Six Easy Steps to a Self-Care Plan for the Holidays

Let’s face it – the holidays aren’t always bright and cheerful, especially if you are a caregiver. While some aspects of the holidays can bring comfort and connection to those who are caregiving, the holidays also require a lot of energy – something in short supply in a caregiver’s life. Holidays can also invoke memories of years past that clash with the reality of current caregiving situations.

If you are a caregiver, I encourage you to take extra good care of yourself during the holidays. I know – this can sound like more of a burden than something that is actually good for you. How in the world will you find time to take care of yourself? But coming up with a self-care plan can be like a flu shot. The shot isn’t exactly heaven, but it’s worth it when compared to the trauma encountered later when you actually catch the flu. Likewise, developing a plan to care for yourself now can prevent exhaustion and emotional difficulties later on.

© Hanna Zalbieska
© Hanna Zalbieska

Here are six easy steps to a self-care plan for the holidays:

  1. Take an index card or piece of notebook paper and with a pen or pencil, divide it into four sections.
  2. In the top left box, jot down a few things you can do to maintain your physical well-being during the holidays. For instance, you might write, “Walk for 20 minutes 3 times a week,” or “Lay off the alcohol!”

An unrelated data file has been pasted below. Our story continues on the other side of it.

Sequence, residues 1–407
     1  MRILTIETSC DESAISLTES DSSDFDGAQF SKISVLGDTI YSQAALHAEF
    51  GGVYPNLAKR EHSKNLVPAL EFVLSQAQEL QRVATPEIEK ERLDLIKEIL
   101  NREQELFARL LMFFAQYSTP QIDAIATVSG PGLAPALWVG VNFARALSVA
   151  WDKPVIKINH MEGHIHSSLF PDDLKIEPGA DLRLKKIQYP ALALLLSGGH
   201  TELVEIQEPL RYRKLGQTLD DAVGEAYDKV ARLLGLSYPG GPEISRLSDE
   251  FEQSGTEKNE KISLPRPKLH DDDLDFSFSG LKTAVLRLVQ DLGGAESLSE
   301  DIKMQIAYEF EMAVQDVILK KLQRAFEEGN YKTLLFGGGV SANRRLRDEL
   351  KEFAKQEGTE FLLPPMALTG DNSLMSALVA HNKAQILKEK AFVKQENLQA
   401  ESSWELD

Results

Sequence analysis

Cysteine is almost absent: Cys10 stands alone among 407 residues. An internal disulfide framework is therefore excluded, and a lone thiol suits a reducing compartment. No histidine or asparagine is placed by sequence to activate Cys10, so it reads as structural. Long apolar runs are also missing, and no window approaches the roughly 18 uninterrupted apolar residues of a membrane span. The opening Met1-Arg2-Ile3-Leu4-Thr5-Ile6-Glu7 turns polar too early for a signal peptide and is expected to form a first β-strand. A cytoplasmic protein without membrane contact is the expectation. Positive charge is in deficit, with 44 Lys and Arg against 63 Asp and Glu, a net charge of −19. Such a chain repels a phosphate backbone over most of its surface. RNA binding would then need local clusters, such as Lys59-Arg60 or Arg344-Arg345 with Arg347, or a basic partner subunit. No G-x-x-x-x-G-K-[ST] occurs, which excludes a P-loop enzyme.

3. In the top right box, note a few things that can help you maintain your emotional well-being. For example, you might write, “It’s okay to cry” (which it is) and “It’s okay to have fun” (which it is, even though caregivers might feel guilty about this).
  4. In the bottom left box, jot down something that nurtures your spiritual well-being. This might be a verse from a religious text, a poem, or a reminder to attend certain spiritual or religious events in your community.
  5. In the bottom right box, note some things that can help you maintain your social well-being, because it’s important not to become isolated. You might write down the details of any caregiver support groups meeting during the holidays, or you might make a vow to have coffee with a close friend.
  6. This is your holiday self-care plan. Put it in your purse, wallet, or any place you will see it regularly.

Having a tangible self-care plan increases your chances of taking better care of yourself during the holidays while still managing caregiving responsibilities. And that means enhanced well-being, both during the holidays and beyond.

If you try this, let me know how it goes. And please have a very blessed holiday season.

Comments

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  • I like your index card idea, I'll try to do the steps. By the way, I've used the name "Dr. Chill" before at bars around Chicago when introducing myself to women. Some really go for it.

  • In reply to gwill:

    gwill,

    Thanks so much for your comment. I hope you find the index card idea helpful! I can't say that I've used the name "Dr. Chill" in that way, but I'm glad you've had some fun with it. :) Have a great Thanksgiving!

    Sincerely,
    Carrie

  • That's really awesome creative idea of cards. I'll surely try this one. Holidays from home.
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  • In reply to alexkhrestsov:

    Alex,

    Thanks so much for your comment, and I hope that you find the strategy helpful! Have a fantastic Thanksgiving.

    Sincerely,
    Carrie

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